Every July 24, Utah celebrates a unique and peculiar holiday: Pioneer Day. The occasion marks the day that Brigham Young entered the Salt Lake Valley in 1847, leading the vanguard of Mormon pioneers. These religious refugees, driven from their homes in Illinois and other eastern points of origin to seek solace in the west, had finally located a new home in the bosom of the mountains.
History of Pioneer Day
The celebration of the arrival of the first members of the Church of Jesus Christ of Latter-Day Saints has a long history, a tradition nearly as old as the first pioneer settlements themselves. Two years after the valley was first located, a small gathering of Latter-Day Saints (LDS) commemorated the anniversary of their arrival. Shortly after, in 1857, the holiday became an official affair, designated as Pioneer Day, and set for celebration. The holiday was put on hold during the occupation of the territory of Utah by federal troops, until the American Civil War called them elsewhere.
Once Utah was free of federal occupation, Pioneer Day was back on. Over time, the holiday grew and spread alongside the continued expansion of Mormon settlers throughout the west. While the holiday is particularly Utahn (an even more particularly LDS) in nature, some communities in nearby states also participate in Pioneer Day festivities, including parts of Arizona, Nevada, Colorado, California, and Idaho.
Pioneer Day Today
Within Utah, government offices and most businesses are shuttered for the day. Salt Lake City hosts a surprising number of annual Pioneer Day events, including a parade, a fireworks display, concerts, pageants, reenactments, cookouts, and the Days of 47 Rodeo. Some celebrants go all out, dressing in pioneer era attire or arranging lavish functions. But, for most, it is an opportunity to take a day off and enjoy some neighborhood fun with friends and family.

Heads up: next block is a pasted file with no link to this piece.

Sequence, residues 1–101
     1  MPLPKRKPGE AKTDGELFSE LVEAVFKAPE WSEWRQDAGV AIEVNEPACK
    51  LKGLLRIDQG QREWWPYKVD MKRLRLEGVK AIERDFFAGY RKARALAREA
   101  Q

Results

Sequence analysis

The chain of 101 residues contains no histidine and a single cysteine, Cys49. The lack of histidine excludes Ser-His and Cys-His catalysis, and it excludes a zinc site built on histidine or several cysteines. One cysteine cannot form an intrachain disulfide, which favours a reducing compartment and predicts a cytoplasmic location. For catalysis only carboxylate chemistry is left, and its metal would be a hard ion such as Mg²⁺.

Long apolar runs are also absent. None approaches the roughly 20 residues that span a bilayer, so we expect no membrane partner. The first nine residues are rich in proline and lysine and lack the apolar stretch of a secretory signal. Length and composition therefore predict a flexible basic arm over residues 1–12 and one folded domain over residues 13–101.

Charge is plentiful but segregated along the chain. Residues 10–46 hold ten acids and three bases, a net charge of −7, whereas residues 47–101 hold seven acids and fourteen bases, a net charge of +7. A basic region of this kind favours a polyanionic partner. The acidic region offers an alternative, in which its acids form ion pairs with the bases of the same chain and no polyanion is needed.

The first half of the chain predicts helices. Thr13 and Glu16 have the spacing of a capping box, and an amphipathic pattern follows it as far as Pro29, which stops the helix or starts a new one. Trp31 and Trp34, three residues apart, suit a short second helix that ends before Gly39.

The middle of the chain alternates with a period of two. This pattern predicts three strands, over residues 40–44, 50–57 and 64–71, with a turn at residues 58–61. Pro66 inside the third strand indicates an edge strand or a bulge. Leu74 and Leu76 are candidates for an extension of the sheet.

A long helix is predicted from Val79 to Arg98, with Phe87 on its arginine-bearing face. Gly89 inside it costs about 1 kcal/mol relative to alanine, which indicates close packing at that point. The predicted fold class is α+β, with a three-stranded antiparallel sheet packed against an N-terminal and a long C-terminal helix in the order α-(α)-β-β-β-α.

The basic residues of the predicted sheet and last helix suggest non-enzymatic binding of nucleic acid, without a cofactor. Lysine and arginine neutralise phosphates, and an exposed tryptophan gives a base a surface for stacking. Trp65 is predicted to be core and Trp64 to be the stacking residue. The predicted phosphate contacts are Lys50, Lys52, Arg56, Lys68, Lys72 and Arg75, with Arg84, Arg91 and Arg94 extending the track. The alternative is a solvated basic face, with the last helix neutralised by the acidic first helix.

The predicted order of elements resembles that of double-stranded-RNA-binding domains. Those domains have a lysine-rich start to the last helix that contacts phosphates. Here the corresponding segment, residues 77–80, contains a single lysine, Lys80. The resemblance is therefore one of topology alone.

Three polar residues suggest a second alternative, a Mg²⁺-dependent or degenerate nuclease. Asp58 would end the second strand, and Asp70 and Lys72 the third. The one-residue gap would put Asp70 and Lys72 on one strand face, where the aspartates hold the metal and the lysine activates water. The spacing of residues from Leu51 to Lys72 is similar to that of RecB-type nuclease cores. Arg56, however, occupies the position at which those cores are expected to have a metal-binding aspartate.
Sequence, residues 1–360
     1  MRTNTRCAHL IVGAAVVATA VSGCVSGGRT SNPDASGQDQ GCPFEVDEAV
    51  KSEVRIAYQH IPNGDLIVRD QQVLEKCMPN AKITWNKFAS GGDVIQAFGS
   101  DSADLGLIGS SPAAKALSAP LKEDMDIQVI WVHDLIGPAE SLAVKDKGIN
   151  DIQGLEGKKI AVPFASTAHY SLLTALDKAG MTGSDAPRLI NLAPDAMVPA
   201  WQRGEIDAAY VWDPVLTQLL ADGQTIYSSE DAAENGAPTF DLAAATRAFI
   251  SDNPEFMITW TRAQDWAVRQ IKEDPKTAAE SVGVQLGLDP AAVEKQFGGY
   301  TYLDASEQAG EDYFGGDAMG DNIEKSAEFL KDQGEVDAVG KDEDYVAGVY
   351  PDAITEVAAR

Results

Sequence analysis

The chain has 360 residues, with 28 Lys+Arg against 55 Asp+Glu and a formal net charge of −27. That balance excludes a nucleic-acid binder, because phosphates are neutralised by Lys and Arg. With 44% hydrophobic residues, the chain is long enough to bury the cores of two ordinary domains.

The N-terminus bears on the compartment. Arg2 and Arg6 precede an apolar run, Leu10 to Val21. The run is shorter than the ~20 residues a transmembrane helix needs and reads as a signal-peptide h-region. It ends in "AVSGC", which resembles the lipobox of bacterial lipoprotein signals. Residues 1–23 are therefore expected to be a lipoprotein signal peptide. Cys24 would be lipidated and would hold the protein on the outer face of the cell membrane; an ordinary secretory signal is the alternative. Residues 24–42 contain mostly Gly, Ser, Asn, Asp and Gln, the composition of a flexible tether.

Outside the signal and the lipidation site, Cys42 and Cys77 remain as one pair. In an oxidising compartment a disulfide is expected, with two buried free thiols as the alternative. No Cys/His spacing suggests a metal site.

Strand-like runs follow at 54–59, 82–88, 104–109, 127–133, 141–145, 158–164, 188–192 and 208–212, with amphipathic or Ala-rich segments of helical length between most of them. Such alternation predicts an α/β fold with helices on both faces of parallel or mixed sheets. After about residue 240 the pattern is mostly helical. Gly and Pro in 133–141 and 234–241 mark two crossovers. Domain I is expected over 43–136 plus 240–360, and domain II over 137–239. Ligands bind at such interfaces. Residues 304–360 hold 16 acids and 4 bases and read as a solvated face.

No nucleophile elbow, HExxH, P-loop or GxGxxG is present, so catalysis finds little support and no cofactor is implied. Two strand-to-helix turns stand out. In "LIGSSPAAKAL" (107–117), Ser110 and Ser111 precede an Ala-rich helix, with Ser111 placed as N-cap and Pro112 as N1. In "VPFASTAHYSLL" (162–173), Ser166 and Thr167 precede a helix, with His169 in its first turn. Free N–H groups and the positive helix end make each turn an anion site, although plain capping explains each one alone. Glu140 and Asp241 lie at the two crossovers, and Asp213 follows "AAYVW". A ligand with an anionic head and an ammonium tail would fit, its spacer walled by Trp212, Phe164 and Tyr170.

Pie and Beer Day
Not everyone in Utah is LDS. While the holiday has grown beyond an observation of religious history, most official events still carry some hint of the day’s original theological origin. For those who are less invested in Mormon history, a July 24 alternate holiday has begun to take hold in recent years: Pie and Beer Day. Devised partially as a way to observe the holiday in a more secular manner, partially as a light-hearted jab at the Mormon proscription against alcohol, Pie and Beer Day has become a nascent local tradition.
Local watering holes have jumped wholeheartedly on this charming counter-holiday. Some bars go so far as to have staff dressed in bonnets, straw hats, or more elaborate pioneer costumes while dispensing baked and brewed refreshments. Ovens all over the state now turn out flaky, fruity pastries to go with a fun round of craft-brewed irony at barbecues and parties for July 24. Pie and Beer Day has started to bleed back into regular Pioneer Day celebration, with root beer for the teetotalers.
Celebrate Your Way
Regardless of your take on the LDS roots of this distinctively western holiday, everyone enjoys a day off. So, get out there, enjoy a parade, watch a rodeo, responsibly set off some fireworks, grab a slice of pie, and enjoy Pioneer Day.